He came home with us and lasted about 10 days before another police incident. After obtaining permission from his probation officer (she was a good one -- we requested a switch and # 2 was a good one), she released him from having to live with us. He was just 16. He has lived with us twice (briefly -- 2-3 wks?) since then before police came each time. That was it......we drew the line and he has not, does not, and will not live with us again.

All issues continue in similar fashion, 8 yrs later.

** Although no lasting changes have occurred, the best short-term changes (for both difficult child and us -- his parents) came because of legal intervention. WE HAVE A RIGHT TO OUR SAFETY!

GuideMe -- Sending you positive thoughts, prayers, and best wishes for peace and safety!


Well-Known Member
RE: PHONES & LAWS --- I always keep phone in hand during crisis -- to call 911, if needed. Our son figured this out and began grabbing the phone from my hands or blocking me from calling. I'd run to another room and grab another phone (landline, at the time) and call 911. When police came, they advised me that it's a crime to PREVENT someone from calling 911. A crime of "Obstruction" of 911 call can be pressed.

Just an FYI to keep in mind.


Well-Known Member
Well, crap......... Whaddya know. Who just showed up (and I mean right this minute) on my FB page wanting something. Pardon diversion, this thread is about you, not me. I just wanted to express it. Will start another thread if about me if I need to.

Take care, GuideMe! We're with you in support!


Well-Known Member
I always keep phone in hand during crisis -- to call 911

this is really good advice.

Guide me, I haven't had to do that, yet, and my difficult child has never threatened me. I do think he is crazy, though, and might let crazy or dangerous people in the house, and I think when he is manic he can behave quite irrationally. I lock my bedroom door if I sleep when he is in the house...well actually we will put that in past tense, because he won't be in the house again any time soon. It was a dark period when I realized that I was afraid that I might wake up and find him, or one of his friends, standing over the bed.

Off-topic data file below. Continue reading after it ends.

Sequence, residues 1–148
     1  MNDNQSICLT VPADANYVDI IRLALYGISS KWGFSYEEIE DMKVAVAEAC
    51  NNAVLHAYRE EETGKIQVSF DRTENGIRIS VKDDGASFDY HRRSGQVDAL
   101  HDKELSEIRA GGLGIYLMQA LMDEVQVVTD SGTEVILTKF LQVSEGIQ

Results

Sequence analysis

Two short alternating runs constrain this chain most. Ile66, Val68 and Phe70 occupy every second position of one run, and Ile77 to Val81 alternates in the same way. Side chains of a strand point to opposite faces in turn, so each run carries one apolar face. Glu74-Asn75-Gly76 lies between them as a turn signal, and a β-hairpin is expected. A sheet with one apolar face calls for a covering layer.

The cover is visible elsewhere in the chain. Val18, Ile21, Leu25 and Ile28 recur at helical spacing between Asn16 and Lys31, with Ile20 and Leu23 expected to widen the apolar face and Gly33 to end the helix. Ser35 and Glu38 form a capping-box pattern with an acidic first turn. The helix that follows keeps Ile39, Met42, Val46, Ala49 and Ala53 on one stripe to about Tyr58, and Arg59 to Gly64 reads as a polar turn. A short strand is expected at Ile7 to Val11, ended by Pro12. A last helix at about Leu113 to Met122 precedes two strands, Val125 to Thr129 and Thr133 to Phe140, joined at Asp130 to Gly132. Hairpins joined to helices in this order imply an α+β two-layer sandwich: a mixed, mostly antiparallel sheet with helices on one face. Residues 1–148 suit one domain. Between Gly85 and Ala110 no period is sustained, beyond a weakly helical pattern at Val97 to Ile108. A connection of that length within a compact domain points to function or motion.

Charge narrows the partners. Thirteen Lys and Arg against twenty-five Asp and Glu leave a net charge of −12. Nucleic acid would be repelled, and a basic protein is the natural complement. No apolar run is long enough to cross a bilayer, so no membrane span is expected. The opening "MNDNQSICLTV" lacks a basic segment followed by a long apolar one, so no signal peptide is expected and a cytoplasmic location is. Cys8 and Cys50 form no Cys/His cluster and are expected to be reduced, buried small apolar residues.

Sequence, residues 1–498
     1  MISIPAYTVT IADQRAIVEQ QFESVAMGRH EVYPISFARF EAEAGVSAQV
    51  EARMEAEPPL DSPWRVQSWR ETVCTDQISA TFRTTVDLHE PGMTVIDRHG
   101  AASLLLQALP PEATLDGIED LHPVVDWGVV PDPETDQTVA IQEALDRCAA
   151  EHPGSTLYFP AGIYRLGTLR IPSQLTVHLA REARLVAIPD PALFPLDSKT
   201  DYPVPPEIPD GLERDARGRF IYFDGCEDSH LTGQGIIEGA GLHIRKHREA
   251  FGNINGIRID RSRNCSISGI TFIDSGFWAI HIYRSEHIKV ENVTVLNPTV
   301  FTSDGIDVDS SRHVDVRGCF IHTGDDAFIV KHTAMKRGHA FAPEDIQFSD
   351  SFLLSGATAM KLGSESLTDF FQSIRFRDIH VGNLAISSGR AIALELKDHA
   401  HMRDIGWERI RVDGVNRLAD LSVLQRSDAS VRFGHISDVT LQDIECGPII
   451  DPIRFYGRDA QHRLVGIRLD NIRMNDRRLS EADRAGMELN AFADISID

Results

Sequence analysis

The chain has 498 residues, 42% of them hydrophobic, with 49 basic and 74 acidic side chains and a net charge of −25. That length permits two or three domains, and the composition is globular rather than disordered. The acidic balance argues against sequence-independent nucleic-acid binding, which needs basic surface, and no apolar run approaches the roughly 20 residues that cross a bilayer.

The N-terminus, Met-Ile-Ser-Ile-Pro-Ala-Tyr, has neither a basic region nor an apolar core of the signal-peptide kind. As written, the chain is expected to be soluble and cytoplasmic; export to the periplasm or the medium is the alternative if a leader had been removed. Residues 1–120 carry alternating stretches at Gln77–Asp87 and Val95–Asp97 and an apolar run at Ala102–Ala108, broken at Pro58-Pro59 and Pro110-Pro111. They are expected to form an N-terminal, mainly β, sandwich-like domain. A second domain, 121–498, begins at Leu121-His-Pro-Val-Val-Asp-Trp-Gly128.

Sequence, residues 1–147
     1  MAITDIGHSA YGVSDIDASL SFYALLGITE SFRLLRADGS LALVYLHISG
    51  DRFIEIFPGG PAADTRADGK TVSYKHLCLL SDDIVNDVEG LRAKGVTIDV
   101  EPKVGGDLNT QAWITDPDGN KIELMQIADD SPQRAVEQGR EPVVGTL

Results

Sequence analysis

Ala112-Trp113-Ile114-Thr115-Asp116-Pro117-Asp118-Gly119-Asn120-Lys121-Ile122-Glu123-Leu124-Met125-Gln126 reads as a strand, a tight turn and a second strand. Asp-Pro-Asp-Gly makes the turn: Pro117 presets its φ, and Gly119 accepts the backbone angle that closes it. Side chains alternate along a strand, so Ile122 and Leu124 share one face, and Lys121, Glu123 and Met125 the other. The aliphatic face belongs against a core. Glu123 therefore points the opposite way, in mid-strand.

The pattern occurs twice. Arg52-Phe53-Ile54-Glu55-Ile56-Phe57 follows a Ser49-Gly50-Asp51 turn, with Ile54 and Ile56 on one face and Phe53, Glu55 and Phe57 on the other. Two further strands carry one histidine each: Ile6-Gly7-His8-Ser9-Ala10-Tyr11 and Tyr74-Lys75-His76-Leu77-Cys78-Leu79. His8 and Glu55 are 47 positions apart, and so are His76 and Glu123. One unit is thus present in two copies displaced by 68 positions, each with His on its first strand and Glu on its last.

So I do understand your fear.

I usually think of it as men abusing women. I know it can be the other way, but not often, I don't think (who knows?).

You are in good company here. My SO's ex hit him and tried to run him over with a car, and also threatened to break his windows and to use her car as a battering ram to trash his house. He got a protection from abuse order against her. When they went to court, even though she was clearly standing in on the defendents side and he was clearly on the plaintive side, the judge started with a "sir do you understand that you may not own a gun..."etc, the instructions to the defendent (she plea bargained yes to the PFA...he wanted three years and settled for one).

It was pretty shocking, really. Anyway, yeah, as long as there are guns, weapons, cars, and stuff that equalizes strength, abuse will go both ways.


(PS I am just a nice girl who grew up in Northern Jersey. I never had a police officer in my house until difficult child and then SO and his deranged ex came along. Now the neighborhood beat cops (I LIVE IN A BIG CITY< MIND YOU!!) know my house, my son, and my name. Damn. Sometimes I miss those days of innocence!)